Here are my best tips and things you need to know:
- Go to a few tour shops in the area and ask for their prices and ask how many people are signed up for the next day.
- Put your name down with the most promising one. (AKA the one with the most people signed up)
- If you show up the next day and there are more people than you were told, bring up the price again and expect a lower price.
- 150,000 kip is a roundabout price if you have several people in the group.
The tour often includes a local lunch and a few usually unnotable other stops. The only stop that was kind of cool was the “whiskey village” only because it was interesting to see the local woman making lao lao which is a rice whiskey. It’s revolting in my opinion but you have to taste it when offered to you by a sweet old lady in a shot glass that had no less than 100 mouths on it before you without being washed, right?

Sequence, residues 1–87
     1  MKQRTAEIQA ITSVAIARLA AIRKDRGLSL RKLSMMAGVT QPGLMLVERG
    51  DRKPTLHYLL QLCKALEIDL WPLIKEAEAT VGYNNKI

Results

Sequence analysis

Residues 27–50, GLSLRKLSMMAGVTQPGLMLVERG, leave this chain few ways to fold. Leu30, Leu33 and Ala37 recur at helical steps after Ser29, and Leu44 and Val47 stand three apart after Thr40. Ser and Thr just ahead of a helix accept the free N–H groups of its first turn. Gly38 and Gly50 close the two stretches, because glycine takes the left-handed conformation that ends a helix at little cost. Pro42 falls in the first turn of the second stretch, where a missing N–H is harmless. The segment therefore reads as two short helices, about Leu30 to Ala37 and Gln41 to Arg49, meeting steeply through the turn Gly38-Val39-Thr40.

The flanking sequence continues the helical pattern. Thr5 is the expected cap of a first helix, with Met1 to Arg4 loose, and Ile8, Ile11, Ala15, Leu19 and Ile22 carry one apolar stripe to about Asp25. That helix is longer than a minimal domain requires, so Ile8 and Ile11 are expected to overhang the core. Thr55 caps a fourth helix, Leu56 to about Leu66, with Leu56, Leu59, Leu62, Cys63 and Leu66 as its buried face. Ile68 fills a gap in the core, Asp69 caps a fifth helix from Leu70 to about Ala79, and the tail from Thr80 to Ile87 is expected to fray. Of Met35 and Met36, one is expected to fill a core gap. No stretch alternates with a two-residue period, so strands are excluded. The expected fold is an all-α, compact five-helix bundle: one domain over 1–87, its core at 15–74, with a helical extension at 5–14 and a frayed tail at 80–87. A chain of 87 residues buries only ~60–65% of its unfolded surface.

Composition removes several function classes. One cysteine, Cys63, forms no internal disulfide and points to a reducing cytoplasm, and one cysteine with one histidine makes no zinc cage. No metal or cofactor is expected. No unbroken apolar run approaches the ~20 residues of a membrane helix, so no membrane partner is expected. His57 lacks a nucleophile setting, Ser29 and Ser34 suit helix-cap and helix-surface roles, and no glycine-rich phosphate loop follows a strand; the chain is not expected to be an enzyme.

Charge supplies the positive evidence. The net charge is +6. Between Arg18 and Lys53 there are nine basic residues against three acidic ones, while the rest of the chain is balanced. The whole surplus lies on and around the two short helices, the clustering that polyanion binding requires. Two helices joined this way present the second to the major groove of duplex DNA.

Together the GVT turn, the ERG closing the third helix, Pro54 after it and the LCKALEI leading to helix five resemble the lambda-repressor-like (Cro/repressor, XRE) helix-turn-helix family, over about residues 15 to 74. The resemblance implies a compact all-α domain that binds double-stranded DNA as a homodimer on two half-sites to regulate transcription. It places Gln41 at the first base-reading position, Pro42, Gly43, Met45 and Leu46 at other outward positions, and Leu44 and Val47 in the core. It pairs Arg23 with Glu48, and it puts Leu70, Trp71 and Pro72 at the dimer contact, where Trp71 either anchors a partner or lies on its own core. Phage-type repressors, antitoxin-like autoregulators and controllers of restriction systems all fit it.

The thing is, there isn’t much else to do or see in the area. SO, regardless of your situation, I’d say you should take a tour anyway otherwise your visit will be in vain which would be a crying shame considering the journey (more on this in a sec).
Can you go alone?
Yes. However, if you don’t do a tour, your only other options are hiring a motorbike or a bicycle. There are no tuk tuks that go to the Jars. The first Jar site (#1), which is one of the better ones, is about 11km outside of the city. Sites #2 and #3 are a bit tougher to get to but not impossible. Be careful if it’s rained recently!
Don’t forget, with this option you won’t have a guide or any knowledge that goes along with seeing everything here. I did enjoy the guide and I’m regularly a person who does things alone!
BE AWARE: Don’t ignore the signs and wander off the paths. All walking areas are marked and the areas that haven’t been cleared yet (AKA still have land mines) are not to be wandered!